The Routh-Hurwitz criterion

I have been aware of the Routh-Hurwitz criterion for stability for a long time and I have applied it in three dimensions in my research and tried to apply it in four. Unfortunately I never felt that I really understood it completely. Here I want to finally clear this up. A source which I found more helpful than other things I have seen is https://www.math24.net/routh-hurwitz-criterion/. One problem I have had is that the Hurwitz matrices, which play a central role in this business, are often written in a form with lots of … and I was never sure that I completely understood the definition. I prefer to have a definite algorithm for constructing these matrices. The background is that we would like to understand the stability of steady states of a system of ODE. Suppose we have a system \dot x=f(x) and a steady state x_0, i.e. a solution of f(x_0)=0. It is well-known that this steady state is asymptotically stable if all eigenvalues \lambda of the linearization A=Df(x_0) have negative real parts. This property of the eigenvalues is of course a property of the roots of the characteristic equation \det(A-\lambda I)=a_0\lambda^n+\ldots+a_{n-1}\lambda+a_n=0. It is always the case here that a_0=1 but I prefer to deal with a general polynomial with real coefficients a_i, 0\le i\le n and a criterion for the situation where all its roots have negative real parts. It is tempting to number the coefficients in the opposite direction, so that, for instance, a_n becomes a_0 but I will stick to this convention. Note that it is permissible to replace a_k by a_{n-k} in any criterion of this type since if we multiply the polynomial by \lambda^{-n} we get a polynomial in \lambda^{-1} where the order of the coefficients has been reversed. Moreover, if the real part of \lambda is non-zero then it has the same sign as the real part of \lambda^{-1}. I find it important to point this out since different authors use different conventions for this. It is convenient to formally extend the definition of the a_i to the integers so that these coefficients are zero for i<0 and i>n.

For a fixed value of n the Hurwitz matrix is an n by n matrix defined as follows. The jth diagonal element is a_j. Starting from a diagonal element and proceeding to the left along a row the index increases by one in each step. Similarly, proceeding to the right along a row the index decreases by one. In the ranges where the index is negative or greater than n the element a_n can be replaced by zero. The leading principal minors of the Hurwitz matrix, in other words the determinants of the submatrices which are the upper left hand corner of the original matrix, are the Hurwitz determinants \Delta_k. The Hurwitz criterion says that the real parts of all roots of the polynomial are negative if and only if a_0>0 and \Delta_k>0 for all 1\le k\le n. Note that a necessary condition for all roots to have negative real parts is that all a_i are positive. Now \Delta_n=a_n\Delta_{n-1} and so the last condition can be replaced by a_n>0. Note that the form of the \Delta_k does not depend on n. For n=2 we get the conditions a_0>0, a_1>0 and a_2>0. For n=3 we get the conditions a_0>0, a_1>0, a_1a_2-a_0a_3>0 and a_3>0. Note that the third condition is invariant under the replacement of a_j by a_{n-j}. When a_0a_3-a_1a_2>0, a_0>0 and a_3>0 then the conditions a_1>0 and a_2>0 are equivalent to each other. In this way the invariance under reversal of the order of the coefficients becomes manifest. For n=4 we get the conditions a_0>0, a_1>0, a_1a_2-a_0a_3>0, a_1a_2a_3-a_1^2a_4-a_0a_3^2>0 and a_4>0.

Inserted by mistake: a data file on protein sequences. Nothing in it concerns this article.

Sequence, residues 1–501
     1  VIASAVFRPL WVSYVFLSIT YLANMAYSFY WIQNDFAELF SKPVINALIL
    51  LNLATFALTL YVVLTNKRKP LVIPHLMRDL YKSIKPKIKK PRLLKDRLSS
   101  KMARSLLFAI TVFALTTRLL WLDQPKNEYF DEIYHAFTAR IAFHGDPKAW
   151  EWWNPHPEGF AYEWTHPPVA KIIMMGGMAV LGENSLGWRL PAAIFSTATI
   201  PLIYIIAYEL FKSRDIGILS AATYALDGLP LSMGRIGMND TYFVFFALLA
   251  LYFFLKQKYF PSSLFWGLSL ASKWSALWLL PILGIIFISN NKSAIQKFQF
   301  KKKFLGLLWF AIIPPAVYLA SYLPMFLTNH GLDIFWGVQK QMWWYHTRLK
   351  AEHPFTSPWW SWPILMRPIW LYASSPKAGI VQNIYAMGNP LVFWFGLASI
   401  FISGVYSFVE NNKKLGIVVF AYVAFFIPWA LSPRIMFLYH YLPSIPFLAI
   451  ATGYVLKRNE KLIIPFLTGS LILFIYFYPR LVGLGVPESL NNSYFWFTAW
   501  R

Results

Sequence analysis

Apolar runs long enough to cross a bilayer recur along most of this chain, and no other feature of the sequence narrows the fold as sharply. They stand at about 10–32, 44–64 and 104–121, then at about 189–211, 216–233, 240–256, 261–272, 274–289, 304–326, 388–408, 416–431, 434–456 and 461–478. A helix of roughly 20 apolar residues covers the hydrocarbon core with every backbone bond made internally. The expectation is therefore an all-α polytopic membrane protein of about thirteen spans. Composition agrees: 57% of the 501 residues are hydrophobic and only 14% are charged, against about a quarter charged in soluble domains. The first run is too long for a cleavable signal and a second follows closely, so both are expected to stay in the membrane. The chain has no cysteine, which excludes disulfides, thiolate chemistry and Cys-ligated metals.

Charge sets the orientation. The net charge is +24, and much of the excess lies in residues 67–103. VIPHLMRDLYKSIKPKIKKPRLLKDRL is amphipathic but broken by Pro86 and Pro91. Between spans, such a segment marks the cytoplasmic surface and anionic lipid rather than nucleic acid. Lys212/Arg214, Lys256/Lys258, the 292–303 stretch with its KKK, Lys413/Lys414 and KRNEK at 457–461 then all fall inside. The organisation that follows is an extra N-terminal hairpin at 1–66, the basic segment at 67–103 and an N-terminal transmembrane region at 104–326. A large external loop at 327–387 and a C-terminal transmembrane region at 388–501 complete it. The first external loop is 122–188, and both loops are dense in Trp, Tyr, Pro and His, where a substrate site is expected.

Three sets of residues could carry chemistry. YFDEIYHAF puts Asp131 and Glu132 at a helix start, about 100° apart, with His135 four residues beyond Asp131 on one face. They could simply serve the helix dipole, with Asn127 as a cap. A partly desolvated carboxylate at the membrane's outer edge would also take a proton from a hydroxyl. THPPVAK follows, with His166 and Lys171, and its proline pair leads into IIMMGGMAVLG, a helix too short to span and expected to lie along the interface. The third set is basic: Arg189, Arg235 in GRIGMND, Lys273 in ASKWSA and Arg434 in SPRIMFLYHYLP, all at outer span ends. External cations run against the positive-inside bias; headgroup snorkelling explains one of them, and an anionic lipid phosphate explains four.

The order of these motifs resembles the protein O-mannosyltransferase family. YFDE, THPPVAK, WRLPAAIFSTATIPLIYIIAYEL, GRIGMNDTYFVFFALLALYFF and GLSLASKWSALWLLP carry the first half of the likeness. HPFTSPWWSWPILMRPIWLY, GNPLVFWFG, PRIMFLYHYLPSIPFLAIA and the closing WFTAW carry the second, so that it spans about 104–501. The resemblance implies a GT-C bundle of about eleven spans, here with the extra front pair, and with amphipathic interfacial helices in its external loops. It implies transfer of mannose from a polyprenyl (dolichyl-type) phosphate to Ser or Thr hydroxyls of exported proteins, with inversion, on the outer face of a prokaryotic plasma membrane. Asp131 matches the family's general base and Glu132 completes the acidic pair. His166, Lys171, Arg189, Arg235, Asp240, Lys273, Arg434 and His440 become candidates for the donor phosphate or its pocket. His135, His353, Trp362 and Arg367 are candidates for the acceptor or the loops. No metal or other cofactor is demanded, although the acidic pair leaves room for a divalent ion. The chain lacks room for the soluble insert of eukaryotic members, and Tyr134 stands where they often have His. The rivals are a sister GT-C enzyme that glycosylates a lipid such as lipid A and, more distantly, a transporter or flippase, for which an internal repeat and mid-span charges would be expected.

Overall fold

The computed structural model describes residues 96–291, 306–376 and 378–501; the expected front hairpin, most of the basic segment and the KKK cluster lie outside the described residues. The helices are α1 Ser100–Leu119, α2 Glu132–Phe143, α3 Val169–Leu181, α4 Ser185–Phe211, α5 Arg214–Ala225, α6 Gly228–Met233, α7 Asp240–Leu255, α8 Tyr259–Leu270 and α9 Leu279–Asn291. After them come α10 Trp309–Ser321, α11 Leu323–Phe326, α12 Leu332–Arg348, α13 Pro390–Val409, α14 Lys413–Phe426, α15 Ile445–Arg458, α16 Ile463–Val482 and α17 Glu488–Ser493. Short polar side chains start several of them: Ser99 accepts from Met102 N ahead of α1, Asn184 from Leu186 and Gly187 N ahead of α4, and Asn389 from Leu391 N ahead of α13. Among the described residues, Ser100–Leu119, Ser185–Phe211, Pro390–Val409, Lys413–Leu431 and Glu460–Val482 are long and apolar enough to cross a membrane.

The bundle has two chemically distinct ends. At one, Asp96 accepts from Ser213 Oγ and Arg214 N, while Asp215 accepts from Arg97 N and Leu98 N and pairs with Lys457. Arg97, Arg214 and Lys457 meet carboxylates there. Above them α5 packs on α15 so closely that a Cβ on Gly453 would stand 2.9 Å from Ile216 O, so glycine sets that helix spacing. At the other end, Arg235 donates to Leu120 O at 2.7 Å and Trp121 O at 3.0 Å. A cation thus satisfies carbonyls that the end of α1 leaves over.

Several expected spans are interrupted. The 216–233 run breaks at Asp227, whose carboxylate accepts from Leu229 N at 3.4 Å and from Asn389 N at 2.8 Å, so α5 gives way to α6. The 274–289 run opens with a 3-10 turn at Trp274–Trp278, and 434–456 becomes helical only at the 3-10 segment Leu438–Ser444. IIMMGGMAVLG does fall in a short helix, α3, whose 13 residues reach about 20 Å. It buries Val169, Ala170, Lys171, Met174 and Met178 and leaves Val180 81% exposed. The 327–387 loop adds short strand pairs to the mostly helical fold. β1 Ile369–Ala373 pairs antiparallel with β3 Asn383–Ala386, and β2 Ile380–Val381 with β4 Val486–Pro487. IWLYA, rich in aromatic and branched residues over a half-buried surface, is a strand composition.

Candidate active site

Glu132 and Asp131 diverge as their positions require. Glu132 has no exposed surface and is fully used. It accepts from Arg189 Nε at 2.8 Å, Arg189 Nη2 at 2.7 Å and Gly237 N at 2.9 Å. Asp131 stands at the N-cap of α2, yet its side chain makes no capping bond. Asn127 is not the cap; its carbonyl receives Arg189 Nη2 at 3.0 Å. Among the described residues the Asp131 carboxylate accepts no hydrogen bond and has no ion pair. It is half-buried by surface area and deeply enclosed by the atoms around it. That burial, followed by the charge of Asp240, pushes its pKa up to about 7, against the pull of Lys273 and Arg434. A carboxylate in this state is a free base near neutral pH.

Next we look at the issue of loss of stability. If H is the region in matrix space where the Routh-Hurwitz criteria are satisfied, what happens on the boundary of H? One possibility is that at least one eigenvalue becomes zero. This is equivalent to the condition a_n=0. Let us look at the situation where the boundary is approached while a_n remains positive, in other words the determinant of the matrix remains non-zero. Now a_0=1 and so one of the quantities \Delta_k with 1\le k\le n-1 must become zero. In terms of eigenvalues what happens is that a number of complex conjugate pairs reach the imaginary axis away from zero. The generic case is where it is just one pair. An interesting question is whether and how this kind of event can be detected using the \Delta_k alone. The condition for exactly one pair of roots to reach the imaginary axis is that \Delta_{n-1}=0 while the \Delta_k remain positive for k<n-1. In a paper of Liu (J. Math. Anal. Appl. 182, 250) it is shown that the condition for a Hopf bifurcation that the derivative of the real part of the eigenvalues with respect to a parameter is non-zero is equivalent to the condition that the derivative of \Delta_{n-1} with respect to the parameter is non-zero. In a paper with Juliette Hell (Math. Biosci. 282, 162), not knowing the paper of Liu, we proved a result of this kind in the case n=3.

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